MAC now offers “Sized to Go” pigments in select shades, which are the same size as the ones in the set, for $10 ($111.11/oz). Normally, a full-sized jar of pigment is $21.00 for 0.15 oz. ($140/oz.). The set contains $40.00 or $50.40 worth of pigments, depending on which calculation you use. Full-sized glitters are $21.00 for 0.15 oz. ($140/oz.), so there is $19.60 worth of glitter here. All in all, the set contains at least $59.60 worth of product, and on the high end, $70.00. The only annoyance is that the smaller jars can be harder to use, depending on the size of your fingers/hands, but you’ll want to be careful. I usually find the best luck in pouring a little into the cap or onto a metal mixing palette.

The Glossover

LE
palette

Pink + Rose

B

Product

8/10

Pigmentation

8.5/10

Texture

8/10

Longevity

8.5/10

Application

4.5/5

Results
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LE
product

Whisper Pink

C-

Product

7/10

Pigmentation

6.5/10

Texture

6/10

Longevity

8/10

Application

4/5

Results
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Dupes
P
product

Tan

B

Product

8/10

Pigmentation

8.5/10

Texture

8/10

Longevity

8.5/10

Application

4.5/5

Results
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Sunday, October 12th, 2014

Guerlain Petrouchka Eye & Blush Palette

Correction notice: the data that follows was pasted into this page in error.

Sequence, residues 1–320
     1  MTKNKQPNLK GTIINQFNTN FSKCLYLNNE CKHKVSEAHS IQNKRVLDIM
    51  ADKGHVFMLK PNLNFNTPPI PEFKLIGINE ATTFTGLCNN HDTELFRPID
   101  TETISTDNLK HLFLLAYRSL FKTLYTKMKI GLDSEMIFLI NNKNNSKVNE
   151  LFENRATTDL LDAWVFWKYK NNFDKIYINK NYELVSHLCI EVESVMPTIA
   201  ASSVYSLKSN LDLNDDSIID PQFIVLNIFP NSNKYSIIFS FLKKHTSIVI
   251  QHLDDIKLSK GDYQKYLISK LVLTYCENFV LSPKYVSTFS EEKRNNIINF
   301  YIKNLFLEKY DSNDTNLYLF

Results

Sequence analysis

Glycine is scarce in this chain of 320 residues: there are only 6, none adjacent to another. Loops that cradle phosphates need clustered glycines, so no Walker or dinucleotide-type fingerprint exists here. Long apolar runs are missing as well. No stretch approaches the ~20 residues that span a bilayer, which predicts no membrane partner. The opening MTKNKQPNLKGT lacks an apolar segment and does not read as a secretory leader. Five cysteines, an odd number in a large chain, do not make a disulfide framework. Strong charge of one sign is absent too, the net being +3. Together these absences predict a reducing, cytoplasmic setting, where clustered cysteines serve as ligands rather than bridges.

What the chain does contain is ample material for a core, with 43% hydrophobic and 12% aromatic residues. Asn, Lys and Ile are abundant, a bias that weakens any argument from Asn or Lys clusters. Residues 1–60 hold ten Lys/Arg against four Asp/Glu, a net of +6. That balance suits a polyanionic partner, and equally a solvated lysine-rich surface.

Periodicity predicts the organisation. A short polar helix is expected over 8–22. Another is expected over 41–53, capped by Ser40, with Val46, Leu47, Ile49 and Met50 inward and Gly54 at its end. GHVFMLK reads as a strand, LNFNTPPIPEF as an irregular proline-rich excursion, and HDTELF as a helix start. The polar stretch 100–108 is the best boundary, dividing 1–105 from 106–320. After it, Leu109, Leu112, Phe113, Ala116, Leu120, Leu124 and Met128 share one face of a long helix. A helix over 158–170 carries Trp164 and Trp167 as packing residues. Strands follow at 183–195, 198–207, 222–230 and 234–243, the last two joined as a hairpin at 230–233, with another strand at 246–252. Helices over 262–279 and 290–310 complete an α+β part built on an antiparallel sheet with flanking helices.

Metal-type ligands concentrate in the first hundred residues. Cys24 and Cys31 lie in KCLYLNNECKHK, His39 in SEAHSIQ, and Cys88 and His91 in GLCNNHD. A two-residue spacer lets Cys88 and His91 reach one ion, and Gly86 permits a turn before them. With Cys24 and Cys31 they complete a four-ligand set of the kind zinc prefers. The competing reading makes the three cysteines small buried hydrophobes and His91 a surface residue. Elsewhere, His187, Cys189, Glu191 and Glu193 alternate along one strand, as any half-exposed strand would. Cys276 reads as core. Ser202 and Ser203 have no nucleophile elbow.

Guerlain Petrouchka Eye & Blush Palette

Guerlain Petrouchka Eye & Blush Palette ($90.00 for 0.42 oz.) includes five eyeshadows and four blushes. When you open the palette, you’ll see a tray of eyeshadows, and when you lift the tray, you’ll see four blushes–two as larger squares, two as smaller, rectangles. The colors chosen for the palette all work together very well, including the blushes. It is an incredibly warm-toned palette, and all of the eyeshadows have more frosted finishes (I would have loved to see two of them be more satiny with a lower sheen). The eyeshadows are extremely dupable, and two of the blushes are sheerer, slightly powdery/dry. Guerlain’s blush formula is interesting, because it’s not a formula that seems to swatch well, yet it looks far better applied to cheeks. They’re more buildable, and they don’t look dry applied nor are they difficult to blend out. I wish they had only done two blushes (or maybe even just one illuminating powder), because I had to use eyeshadow brushes to get the color out of the pan due to each pan being so small. The compact is a slightly mattified gold, and the red bow is an elastic that slides off (Guerlain had an image on its booklet that showed it being used as a hair tie).

Petrouchka #1 is a light, yellow gold with a frosted, metallic finish. It had good color payoff, and the texture was soft and blendable. See swatches of dupes / view dupes side-by-side.